In February 2010, the Whidbey Camano Land Trust signed an ”˜Option to Purchase’ agreement with a bank. The goal was to buy 654 acres atop a ridge on Whidbey Island and turn it into a community forest, providing wildlife habitat, protecting the upper section of three watersheds, and creating a public place for non-motorized recreation. The amount to raise? Formidable. The deadline? June 2010. Yikes! 120 days to raise over $4 million. The conclusion? ”˜We had to try.’ Skeptics asked — In this economy? Is it even possible?
The foreclosed property had quite a history on Whidbey Island. Logged multiple times during the last century, it was sold to investment developers in 2002. Both the logging and proposed dense development had sparked vigorous community protest. But, since the land was in private hands, the protest didn’t make much of a difference. As the bottom fell out of the real estate market, the developers fell behind on the loan payment and the bank took it over in the Fall of 2009.
The Land Trust had just completed its 25th anniversary celebration, a year of effective outreach in the precarious 2009 economy, raising awareness about the history and critical importance of grassroots-based land protection. Now, facing the largest single fundraising project in its history, the Land Trust drew from all the lessons and blessings of that outreach year and entered the adventure of the impromptu capital campaign.
Jerry Lloyd updates Trillium Woods fundraising thermometer. Photo by Petra Martin.
Key board and staff convened an initial meeting to build a plan, recognizing that the normal process and rules of capital campaigns wouldn’t apply. No time. No long, silent, connect-with-major-donor-and- secure-major-donations effort followed by a very public campaign. No, everything had to happen at once. Committees were organized, each taking a major section of the campaign. With determination, they worked to create and grow community buzz, find donors of all sizes, and make the deal happen. They designated a campaign coordinator, created campaign materials, and enlisted a small army of workers to tell the story in dozens of ways and ask for support. After one month of preparation, the Land Trust went public with this incredibly ambitious goal and asked everyone who cared about land, clean water, and wildlife to help make it happen.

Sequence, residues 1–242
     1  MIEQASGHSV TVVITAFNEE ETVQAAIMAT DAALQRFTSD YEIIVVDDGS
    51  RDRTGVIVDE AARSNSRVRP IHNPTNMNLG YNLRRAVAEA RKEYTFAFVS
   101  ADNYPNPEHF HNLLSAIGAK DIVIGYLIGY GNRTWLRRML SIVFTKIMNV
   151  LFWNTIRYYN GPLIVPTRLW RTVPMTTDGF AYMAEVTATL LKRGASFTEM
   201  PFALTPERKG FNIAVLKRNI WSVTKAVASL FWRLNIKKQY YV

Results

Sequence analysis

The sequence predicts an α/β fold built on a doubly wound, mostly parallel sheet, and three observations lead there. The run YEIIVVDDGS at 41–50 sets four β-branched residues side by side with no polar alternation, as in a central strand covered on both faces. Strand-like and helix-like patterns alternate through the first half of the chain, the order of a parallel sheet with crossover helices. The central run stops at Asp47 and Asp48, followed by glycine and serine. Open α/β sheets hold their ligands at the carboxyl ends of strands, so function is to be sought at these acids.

The community stepped up, organizing fund raisers, contacting media, and asking friends and colleagues to donate. Donations and pledges came in. The June deadline came and the Land Trust negotiated a three-month extension. Initially euphoric, the island community, board and staff seemed tapped out and a bit discouraged. But during that time, a Land Trust staff member made a successful contact with a cub reporter at the Seattle Times. Her front page story on August 3 opened a whole new chapter in the campaign. As the word spread through the internet, hundreds of donations flooded in from across the country. Inquiries from major donors made the goal seem possible. On September 29, the deal closed for $4 million.
The final tally was impressive, 102 endorsers, 27 letters to the editor, 86 newspaper articles, three television stories, radio coverage, a gardening talk show, and over 625 Facebook fans. In just six months, the Land Trust received well over 1,500 donations, from groups and individuals, and built a broad, diverse community to save this forest for wildlife and the public.
At the celebration in October, everyone reflected on the amazing achievement. That very tough economy helped the community focus on and save what it valued. With time and financial gifts, people showed that they care deeply about clean water, quiet recreation, and giving wildlife a home. Working together, they showed skeptics that the incredible is possible when people unite around a common goal for the common good.
The Whidbey Camano Land Trust presents the Trillium Community Forest.